Let’s face it, having to actually use your health insurance at all likely means life isn’t going great. Having a bad plan can make it even worse, right? We’re all looking for that perfect world of health insurance, that keeps us feeling safe but doesn’t cost our life savings. But, over the past decade or so, health insurance premiums have gone up by 75% while salaries have only gone up 25%. Deductibles have increased by 212% and the #1 cause of bankruptcy in America is medical debt.
Thankfully, there have been many innovations in health insurance over the years. Changes began in the 1930s when employer-sponsored plans gained popularity due to federal wage controls. In the 70s, we saw HRAs develop, only to be removed by the ACA, but a resurgence has occurred the last few years. Even Christian sharing ministries have seen steady growth and increased popularity. As of today, it’s estimated that 25% of all employers have moved to innovative options for their group health coverage. Here are the top three:
Rather than paying a premium for an insurance product, self-funding is designed for employers, with the help of a third-party administrator, to set up arrangements and pay the actual claims for your team. Claims can be discounted by either joining a network or utilizing reference-based pricing. Organizations are ultimately protected by using stop-loss or reinsurance.
It is projected that organizations can see around a 3% decrease in total costs by going this route, which can be huge if you spend over $1 million on premiums or receive annual increases of 10% or more. You may even be able to get better benefits to your team with this structure. Much of the discount to claims in self-funded methods come from “reference-based pricing,” which involves using a Medicare benchmark and paying a set percentage over that.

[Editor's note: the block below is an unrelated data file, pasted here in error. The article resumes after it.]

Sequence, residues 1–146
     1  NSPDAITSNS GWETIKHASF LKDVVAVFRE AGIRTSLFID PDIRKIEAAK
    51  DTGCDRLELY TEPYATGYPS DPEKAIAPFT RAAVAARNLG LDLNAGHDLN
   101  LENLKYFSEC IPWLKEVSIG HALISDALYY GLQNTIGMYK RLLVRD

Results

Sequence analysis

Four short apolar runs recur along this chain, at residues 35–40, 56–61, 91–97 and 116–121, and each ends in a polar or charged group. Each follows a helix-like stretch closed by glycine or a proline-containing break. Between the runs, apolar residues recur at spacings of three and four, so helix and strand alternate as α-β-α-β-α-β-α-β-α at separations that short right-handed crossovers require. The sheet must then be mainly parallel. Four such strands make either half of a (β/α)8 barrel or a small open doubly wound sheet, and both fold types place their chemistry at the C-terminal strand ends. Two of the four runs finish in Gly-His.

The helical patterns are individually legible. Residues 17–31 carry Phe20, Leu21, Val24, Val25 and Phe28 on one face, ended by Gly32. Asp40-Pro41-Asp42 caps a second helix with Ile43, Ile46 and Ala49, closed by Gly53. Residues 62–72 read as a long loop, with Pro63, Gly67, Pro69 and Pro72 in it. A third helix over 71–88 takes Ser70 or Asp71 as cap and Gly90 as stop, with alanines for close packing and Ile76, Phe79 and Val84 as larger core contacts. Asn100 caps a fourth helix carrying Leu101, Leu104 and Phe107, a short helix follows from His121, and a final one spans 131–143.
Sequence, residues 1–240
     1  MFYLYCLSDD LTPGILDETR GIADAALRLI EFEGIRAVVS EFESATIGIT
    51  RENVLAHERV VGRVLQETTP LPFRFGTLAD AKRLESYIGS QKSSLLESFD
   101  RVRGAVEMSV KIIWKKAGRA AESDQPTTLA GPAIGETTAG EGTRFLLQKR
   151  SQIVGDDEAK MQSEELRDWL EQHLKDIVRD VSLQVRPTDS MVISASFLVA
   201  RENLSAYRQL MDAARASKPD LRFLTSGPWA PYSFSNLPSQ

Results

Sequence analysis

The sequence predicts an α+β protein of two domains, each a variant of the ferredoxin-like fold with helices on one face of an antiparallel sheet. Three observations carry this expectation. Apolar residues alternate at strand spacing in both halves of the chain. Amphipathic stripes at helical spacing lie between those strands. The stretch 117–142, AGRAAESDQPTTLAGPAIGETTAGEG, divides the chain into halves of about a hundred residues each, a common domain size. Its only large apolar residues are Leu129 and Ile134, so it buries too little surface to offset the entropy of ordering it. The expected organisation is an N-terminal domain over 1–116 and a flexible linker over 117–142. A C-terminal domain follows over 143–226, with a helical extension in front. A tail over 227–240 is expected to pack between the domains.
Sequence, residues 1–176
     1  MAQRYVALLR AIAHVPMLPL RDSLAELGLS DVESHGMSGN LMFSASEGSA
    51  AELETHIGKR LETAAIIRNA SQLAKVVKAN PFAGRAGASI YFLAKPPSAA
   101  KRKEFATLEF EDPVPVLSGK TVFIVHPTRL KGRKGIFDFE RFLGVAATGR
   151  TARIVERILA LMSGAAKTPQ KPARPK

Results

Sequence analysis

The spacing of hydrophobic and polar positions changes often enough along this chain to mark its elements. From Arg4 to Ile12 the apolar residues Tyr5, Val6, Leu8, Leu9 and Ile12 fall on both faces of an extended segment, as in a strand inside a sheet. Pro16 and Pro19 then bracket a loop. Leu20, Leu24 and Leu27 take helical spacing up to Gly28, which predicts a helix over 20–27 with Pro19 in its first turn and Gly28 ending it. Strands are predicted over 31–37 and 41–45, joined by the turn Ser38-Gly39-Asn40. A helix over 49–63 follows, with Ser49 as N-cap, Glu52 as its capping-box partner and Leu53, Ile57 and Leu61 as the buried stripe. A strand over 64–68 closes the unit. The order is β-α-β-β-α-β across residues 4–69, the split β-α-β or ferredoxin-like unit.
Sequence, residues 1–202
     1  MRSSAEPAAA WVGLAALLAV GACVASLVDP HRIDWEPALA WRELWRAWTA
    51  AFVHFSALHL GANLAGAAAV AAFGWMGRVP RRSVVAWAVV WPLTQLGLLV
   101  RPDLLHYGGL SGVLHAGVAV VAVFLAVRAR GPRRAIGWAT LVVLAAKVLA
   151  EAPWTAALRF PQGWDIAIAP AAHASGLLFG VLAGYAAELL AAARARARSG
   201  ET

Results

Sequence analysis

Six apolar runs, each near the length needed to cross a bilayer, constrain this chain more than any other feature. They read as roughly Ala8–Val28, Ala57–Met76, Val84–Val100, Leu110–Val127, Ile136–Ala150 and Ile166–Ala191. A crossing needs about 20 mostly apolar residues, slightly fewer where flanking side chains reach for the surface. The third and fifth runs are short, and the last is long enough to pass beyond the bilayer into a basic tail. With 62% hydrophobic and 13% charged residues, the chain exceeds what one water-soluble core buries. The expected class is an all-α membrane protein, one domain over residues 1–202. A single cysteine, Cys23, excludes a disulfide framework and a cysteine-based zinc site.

Beware of putting a strain on good relationships with local hospitals and doctors when using a self-funded method, as they might end up getting paid less than they used to by your team. And if there are disputes, your people could end up with a balance bill (or surprise bill) if the negotiating gets a little wonky. Self-funding is certainly not for the faint of heart, but it is worth exploring because it is by far the most popular alternative approach to traditional group plans.
As we mentioned above, Health Reimbursement Arrangements (HRAs) by and large went away with the ACA. You could still use them alongside a traditional insurance plan. Back in the day, you could have a set amount of tax-free dollars available to your group, and they could use those dollars for premiums, medical expenses, etc. Pretty much anything related to your health. However, the ACA removed any “lifetime limits” on insurance plans, which essentially did away with HRA’s.
Over the past few years, however, HRAs have made a big comeback, starting with the Qualified Small Employer HRA (QSEHRA), which opened up newer and simpler ways for an employer to help their team. There were several limitations still, such as having 50 or fewer employees, annual limits on the amount, and you didn’t have access to choose tax credits instead. An even bigger change happened just this year though, opening up two more HRA opportunities for employers of all sizes.